In theory, higher oil prices can bring both higher inflation and lower economic growth. That's what happened in the 1970s, when the first "oil shock" gave economists a new piece of jargon: stagflation, which had nothing to do with bachelor parties. (A stagnating economy with high inflation = stagflation.) What made stagflation so difficult to deal with was that the usual levers at the Fed don't work very well. Higher interest rates cut inflation, but they also throw more cold water on the economy. Lower rates help spur growth, but they add fuel to the inflation fire.

This time around, however, the economy is growing, according to the government's latest report on Gross Domestic Product. But that growth is coming primarily from increased productivity — not from newly-hired workers. What's not clear is whether all the increased productivity is the result of technology helping us all become more efficient — or whether we're all just turning into round-the-clock slaves to that technology.  In other words, are we working smarter or harder?

As for inflation, there are two kinds: price inflation and wage inflation. Price inflation generally comes first, often from shortages of critical commodities (like oil). Those higher prices then squeeze workers' buying power, so they go to their bosses and demand pay raises (or threaten to strike). To pay for those raises, companies raise the prices of their goods and services, which then sends workers back for more raises, and the vicious cycle begins. That's what happened during the Great Inflation of the 1970s.

With today's employment outlook uncertain and job security reduced, workers are more reluctant to demand those raises. So far, we've only seen the beginning of the impact of higher oil prices. If companies begin to pass those higher costs along (oil is used to make or ship just about everything we consume), eventually workers will start squawking.

Still, there are several big differences between today and the 1970s. For one thing, U.S. taxpayers just got a big tax cut last year, which boosted buying power. Second, when adjusted for inflation, oil prices really aren't as high as they were in the 1970s. And perhaps most important, the oil shock of the 1970s created a huge national effort to become more energy efficient. The result is that the amount of oil used to produce each dollar of GDP is about half what it was 30 years ago.

Aug. 06, 2004

Here at the Answer Desk, most of the mail we get touches on the subject of money one way or another. This week, Carmen in Texas is taking the question head-on: she’d like to know what, exactly, is money? Jeffrey in Omaha, meanwhile, has money to burn — literally — and he’s wondering if he can get arrested for doing so.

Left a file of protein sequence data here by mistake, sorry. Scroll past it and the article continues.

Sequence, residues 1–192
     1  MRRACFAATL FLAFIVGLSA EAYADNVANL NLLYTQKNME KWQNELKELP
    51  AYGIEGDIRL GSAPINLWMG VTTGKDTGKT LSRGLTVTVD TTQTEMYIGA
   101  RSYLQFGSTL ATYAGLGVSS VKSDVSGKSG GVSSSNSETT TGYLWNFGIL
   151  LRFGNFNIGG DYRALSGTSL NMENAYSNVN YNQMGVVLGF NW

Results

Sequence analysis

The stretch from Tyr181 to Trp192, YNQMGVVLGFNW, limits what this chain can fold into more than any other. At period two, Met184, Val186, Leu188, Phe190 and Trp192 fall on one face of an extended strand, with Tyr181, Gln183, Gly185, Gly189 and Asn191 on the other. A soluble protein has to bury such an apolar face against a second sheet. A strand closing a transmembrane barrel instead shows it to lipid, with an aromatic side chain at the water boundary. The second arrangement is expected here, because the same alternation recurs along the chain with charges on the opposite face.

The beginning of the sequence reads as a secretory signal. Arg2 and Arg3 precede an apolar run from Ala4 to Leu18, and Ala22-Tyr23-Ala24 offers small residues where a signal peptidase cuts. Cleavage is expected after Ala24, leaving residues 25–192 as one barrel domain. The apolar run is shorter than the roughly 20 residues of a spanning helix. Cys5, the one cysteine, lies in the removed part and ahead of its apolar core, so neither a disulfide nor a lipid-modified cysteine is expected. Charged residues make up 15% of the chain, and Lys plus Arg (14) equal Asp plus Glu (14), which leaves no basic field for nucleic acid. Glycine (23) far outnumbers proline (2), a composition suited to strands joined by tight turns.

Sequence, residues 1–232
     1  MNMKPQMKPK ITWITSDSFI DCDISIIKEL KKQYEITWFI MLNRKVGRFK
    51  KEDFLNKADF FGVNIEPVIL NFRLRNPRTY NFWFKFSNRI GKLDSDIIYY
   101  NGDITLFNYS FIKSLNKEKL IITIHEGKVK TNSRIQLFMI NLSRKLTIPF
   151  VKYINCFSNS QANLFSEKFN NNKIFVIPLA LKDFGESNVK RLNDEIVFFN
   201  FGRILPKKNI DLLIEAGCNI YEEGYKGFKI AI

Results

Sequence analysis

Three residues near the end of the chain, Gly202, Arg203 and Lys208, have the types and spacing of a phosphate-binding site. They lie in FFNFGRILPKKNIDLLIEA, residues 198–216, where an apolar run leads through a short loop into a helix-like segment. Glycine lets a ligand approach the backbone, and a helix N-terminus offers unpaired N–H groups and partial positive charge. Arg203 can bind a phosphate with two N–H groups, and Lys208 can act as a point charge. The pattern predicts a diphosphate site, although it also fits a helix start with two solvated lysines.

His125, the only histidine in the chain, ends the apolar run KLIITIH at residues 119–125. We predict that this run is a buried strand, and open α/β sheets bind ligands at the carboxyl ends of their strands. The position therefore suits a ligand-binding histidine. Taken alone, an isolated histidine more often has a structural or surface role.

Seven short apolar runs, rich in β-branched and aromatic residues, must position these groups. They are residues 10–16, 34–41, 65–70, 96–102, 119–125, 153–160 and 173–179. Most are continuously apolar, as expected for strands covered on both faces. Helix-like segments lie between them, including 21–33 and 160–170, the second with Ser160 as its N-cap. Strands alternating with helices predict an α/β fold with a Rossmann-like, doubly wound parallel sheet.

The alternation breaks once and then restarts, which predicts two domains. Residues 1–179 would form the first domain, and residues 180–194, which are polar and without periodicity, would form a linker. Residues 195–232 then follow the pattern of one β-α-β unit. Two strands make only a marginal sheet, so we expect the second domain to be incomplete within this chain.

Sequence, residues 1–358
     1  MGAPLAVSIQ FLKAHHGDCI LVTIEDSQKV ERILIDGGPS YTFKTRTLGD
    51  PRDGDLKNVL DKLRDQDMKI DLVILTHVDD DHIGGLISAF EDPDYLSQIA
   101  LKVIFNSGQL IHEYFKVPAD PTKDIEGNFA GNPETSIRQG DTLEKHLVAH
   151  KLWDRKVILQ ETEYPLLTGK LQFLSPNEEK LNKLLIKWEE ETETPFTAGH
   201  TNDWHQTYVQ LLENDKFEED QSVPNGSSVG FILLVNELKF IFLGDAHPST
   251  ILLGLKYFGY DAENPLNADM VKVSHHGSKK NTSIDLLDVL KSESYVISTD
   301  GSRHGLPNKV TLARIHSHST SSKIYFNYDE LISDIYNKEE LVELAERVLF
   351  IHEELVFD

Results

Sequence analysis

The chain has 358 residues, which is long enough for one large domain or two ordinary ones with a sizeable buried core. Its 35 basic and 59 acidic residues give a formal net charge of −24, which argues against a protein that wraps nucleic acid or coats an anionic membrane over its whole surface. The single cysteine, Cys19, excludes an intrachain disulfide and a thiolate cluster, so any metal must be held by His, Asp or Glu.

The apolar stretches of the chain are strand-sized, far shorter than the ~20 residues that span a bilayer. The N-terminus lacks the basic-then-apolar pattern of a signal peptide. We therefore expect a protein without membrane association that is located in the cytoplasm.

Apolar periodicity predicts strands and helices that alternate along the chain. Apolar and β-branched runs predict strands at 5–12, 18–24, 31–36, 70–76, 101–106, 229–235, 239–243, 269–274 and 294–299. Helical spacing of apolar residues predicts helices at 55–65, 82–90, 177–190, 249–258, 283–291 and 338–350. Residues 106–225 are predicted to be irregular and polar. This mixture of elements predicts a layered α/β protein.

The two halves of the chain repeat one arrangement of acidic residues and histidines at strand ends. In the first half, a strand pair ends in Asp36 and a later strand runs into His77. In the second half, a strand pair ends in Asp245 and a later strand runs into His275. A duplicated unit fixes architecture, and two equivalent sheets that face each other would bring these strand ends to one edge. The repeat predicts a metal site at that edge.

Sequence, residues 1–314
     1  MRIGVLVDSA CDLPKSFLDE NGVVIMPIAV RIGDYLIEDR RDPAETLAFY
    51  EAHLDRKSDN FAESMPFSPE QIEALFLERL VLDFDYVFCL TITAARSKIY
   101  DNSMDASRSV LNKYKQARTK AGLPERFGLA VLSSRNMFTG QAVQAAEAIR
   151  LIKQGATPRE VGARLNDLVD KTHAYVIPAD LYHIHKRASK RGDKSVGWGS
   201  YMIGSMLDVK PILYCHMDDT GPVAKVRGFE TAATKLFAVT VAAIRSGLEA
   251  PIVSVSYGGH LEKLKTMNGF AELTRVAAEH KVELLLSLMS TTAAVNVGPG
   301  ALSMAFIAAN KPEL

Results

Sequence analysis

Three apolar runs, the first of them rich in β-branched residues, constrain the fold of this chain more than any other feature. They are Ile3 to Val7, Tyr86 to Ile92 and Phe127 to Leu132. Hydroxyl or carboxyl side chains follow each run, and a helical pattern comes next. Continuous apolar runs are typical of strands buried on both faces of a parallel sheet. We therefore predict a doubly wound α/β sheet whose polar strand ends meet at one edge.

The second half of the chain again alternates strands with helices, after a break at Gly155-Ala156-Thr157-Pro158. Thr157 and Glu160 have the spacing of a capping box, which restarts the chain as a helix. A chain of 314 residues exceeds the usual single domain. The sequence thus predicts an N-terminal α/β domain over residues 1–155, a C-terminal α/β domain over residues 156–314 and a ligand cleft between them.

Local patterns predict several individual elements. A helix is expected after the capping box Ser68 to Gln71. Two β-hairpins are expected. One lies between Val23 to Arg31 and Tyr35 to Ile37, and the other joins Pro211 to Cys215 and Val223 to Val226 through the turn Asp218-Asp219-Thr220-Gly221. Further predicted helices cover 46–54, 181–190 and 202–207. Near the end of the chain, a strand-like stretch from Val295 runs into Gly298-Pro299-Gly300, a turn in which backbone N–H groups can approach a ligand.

Tender question
In plain and simple English can you explain exactly what is money?  I know it is green and made from paper or coins.  However, I need to understand what IS money.  How is it created? And if the gold standard was eliminated, then is our paper money backed only by the faith in our government and their power to manipulate us and the world?   What stops another country from creating a faith-based currency? Nuclear capability?   It all sounds like a house of cards. And if that were true, then would it be most likely that we would associate value to tangibles, such as real estate, gold, tulips?  Once the gold standard was eliminated, did we also eliminate REAL money?
Carmen A. -- Garland, Tex.

We’d hate to be the cashier at the supermarket who had to break a $20 for you.

But you’re right that much of the strength of a country’s currency lies in the faith we all have that it will retain its purchasing power. While coins may have intrinsic value based on the metal used to mint them, paper money is essentially a legal document. What you're really asking is: what are the terms associated with U.S. paper currency?

Here's what the Federal Reserve has to say:

"According to the Legal Tender Statute (section 5103 of title 31 of the U.S. Code), United States coins and currency (including Federal Reserve notes and circulating notes of Federal Reserve banks and national banks) are legal tender for all debts, public charges, taxes, and dues. This means that all U.S. money, as identified above, when tendered to a creditor legally satisfies a debt to the extent of the amount (face value) tendered....However, no federal law mandates that a person or an organization must accept currency or coins as payment for goods or services not yet provided."

In other words, if you owe someone money, the law says you can use these paper notes to pay them back — and they can't try to take your house to settle the debt. But if someone is selling, say, food or gasoline, they are not required to take your paper if they don't want to. They may prefer that you pay them in live chickens or lumber — based on amounts negotiated by buyer and seller.

That kind of barter economy, of course, worked for thousands of years and still prevails in developing countries with currencies that no one has faith in. Using paper to stand in for physical goods first became widespread in the Western world about 500 years ago, when European trading companies financed voyages to find and transport precious goods like gold, spices, lumber, etc. In some cases, those "notes" could be redeemed for goods. Some notes changed hands — with the value rising or falling based on news of the voyages success or failure.